Paternity is one of the most common family law issues in Texas. It is important for both parents and the child that the paternity is known. This is so the mother will know who, along with her, is legally responsible for the child, the father can establish an all-encompassing relationship with the child, and the child will know who his or her biological father is. When the parents are not married to one another, the parents must be aware of how paternity can be established under the law.
The first way for paternity to be established is by signature to the Acknowledgment of Paternity (AOP) form. For the AOP to be valid, both parents must sign it voluntarily. If more than one man is the potential father, each should receive a DNA test prior to signing. The majority of couples sign the AOP while still at the hospital prior to the child’s birth, but it can also be signed after birth. Parents can also sign the AOP at the Vital Statistics Unit at the Department of State Health Services or a county clerk’s office. When parents sign the AOP, they will still need to have a court order if there are other issues that must be dealt with such as support, visitation, custody and medical support.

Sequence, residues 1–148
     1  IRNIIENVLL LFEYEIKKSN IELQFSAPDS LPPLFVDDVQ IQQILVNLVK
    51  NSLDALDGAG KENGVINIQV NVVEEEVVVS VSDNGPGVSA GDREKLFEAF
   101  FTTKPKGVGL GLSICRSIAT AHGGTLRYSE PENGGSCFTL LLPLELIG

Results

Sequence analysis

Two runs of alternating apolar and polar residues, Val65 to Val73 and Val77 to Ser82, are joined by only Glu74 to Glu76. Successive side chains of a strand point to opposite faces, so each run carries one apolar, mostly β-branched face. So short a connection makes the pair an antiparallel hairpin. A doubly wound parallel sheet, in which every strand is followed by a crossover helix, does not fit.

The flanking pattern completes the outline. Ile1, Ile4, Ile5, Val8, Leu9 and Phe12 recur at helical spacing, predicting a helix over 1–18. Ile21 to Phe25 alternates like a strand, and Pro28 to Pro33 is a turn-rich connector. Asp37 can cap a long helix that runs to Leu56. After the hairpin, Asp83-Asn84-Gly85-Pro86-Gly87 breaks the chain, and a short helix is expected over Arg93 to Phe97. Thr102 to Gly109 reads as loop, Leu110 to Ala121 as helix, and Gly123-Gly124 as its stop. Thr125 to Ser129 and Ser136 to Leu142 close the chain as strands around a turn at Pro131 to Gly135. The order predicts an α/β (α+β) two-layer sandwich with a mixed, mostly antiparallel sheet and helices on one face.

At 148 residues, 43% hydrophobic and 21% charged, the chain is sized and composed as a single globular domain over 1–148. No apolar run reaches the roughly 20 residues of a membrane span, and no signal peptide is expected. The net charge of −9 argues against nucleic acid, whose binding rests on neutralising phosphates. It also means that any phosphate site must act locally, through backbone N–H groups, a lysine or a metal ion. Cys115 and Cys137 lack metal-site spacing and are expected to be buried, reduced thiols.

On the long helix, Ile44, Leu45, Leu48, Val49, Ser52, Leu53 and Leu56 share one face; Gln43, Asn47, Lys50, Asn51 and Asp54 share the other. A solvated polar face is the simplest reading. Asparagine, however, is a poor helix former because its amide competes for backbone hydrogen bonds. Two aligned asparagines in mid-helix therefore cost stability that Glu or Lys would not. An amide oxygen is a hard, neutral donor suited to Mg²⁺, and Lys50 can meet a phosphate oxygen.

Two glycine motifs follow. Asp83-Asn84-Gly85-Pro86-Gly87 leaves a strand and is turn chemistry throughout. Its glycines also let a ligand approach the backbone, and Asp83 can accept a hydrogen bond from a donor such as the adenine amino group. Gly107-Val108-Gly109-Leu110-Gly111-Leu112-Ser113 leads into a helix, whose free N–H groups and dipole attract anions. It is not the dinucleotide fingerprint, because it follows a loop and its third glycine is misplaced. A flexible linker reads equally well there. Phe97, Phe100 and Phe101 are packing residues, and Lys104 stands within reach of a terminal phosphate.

The second way to establish paternity is to seek a court order. To do this, a case can be opened with the Office of the Attorney General (OAG). This will generally involve receiving DNA testing. The OAG will assist the parents in the establishment of paternity when the case commences and will also help with free genetic testing. If there is a need for support of the child and the parents have agreed on paternity, the order of support can be established at the local office. If there is an inability to agree on the paternity or other matters, the court will step in and resolve it.
When there is a court summons issued regarding paternity, it is imperative for the person to appear or the court can establish paternity unilaterally without the person’s presence. The court can decide on paternity without a paternity test and orders can be set for support, visitation, and other matters. If there are disputes regarding paternity or any other problem that has come up with establishing who the biological father is, it is particularly important to have legal help. For both the mother and the father, speaking to an attorney experienced in assisting with a paternity action is essential.
Source: texasattorneygeneral.gov, “Handbook For Noncustodial Parents — How is paternity established? pages 10-11,” access on March 20, 2017